The Delhi Master Plan of 2021 says that constructions in these areas are supposed to be residential. “But, you are allowed to undertake some level of industrial activity. It’s called ‘household industry.’” The rules for household industry constructions include limits on the number of workers and the amount of power being used. “Not more than five people can be a part of the production unit. They are not supposed to consume more than 5 kilowatts of energy.”

“If you look at the industrial activities that are allowed on village lands, this assembly of electronics is not within the ambit of things that are restricted. But it has to adhere to certain occupancy requirements, which is where the problem is… They are not illegal in their activities, but in their occupancy of the building. They had violated the regulations.”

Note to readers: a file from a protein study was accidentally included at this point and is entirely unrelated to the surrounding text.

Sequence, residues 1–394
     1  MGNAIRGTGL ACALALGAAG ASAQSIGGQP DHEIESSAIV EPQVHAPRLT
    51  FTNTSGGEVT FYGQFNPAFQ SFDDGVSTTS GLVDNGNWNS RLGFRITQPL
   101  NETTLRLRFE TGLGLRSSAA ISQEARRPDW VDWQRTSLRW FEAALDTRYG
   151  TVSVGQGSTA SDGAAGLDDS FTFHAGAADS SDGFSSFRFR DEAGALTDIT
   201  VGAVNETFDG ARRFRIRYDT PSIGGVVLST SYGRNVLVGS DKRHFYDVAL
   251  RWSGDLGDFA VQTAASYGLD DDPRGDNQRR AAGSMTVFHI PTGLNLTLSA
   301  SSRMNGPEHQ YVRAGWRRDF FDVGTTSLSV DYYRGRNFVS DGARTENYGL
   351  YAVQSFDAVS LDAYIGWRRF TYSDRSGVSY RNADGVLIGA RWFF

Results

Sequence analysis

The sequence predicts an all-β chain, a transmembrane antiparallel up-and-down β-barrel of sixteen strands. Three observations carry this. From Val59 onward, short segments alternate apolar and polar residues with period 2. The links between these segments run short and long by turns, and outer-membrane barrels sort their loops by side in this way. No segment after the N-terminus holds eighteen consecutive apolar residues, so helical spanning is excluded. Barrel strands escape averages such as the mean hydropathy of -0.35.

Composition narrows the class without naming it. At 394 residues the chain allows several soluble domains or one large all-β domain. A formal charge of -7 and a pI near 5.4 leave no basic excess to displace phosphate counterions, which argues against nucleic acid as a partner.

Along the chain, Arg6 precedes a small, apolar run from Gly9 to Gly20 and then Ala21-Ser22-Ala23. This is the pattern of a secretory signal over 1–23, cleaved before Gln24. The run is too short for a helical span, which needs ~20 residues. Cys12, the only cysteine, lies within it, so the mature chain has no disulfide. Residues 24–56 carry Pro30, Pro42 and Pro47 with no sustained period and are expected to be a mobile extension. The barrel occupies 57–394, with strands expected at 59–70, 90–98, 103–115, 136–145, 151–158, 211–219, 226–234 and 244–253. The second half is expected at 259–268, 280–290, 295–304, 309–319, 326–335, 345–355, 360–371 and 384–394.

Raman added that this was an openly commercial establishment, and not only the building owners but the fire department and municipal corporation should also be held responsible.

“They should have gone into the building and inspected it, to see the storage and godowning facilities… The point is, you can only issue NOC if someone comes to you asking for NOC… It’s the requirement of the junior engineer or the engineer in charge of that area to keep an eye out.”

The MCD and fire services should have foreseen the danger. “These guys should have gone around, they should have sealed properties regularly, they should have levied penalties on such establishments… If the building has been around for fifteen years, how has it escaped their scrutiny so far?”

“There has been criminal negligence on the part of the MCD engineers, who are supposed to monitor activities in these buildings. They are not only supposed to enforce the Master Plan and byelaws, they are supposed to regulate it in operation. The fire officer is also supposed to inspect buildings ideally.”